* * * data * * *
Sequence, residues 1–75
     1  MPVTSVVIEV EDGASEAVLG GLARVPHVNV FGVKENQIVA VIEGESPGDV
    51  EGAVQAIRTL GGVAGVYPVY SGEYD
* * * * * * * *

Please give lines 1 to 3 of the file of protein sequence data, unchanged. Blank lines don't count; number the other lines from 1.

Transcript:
Sequence, residues 1–75
     1  MPVTSVVIEV EDGASEAVLG GLARVPHVNV FGVKENQIVA VIEGESPGDV
    51  EGAVQAIRTL GGVAGVYPVY SGEYD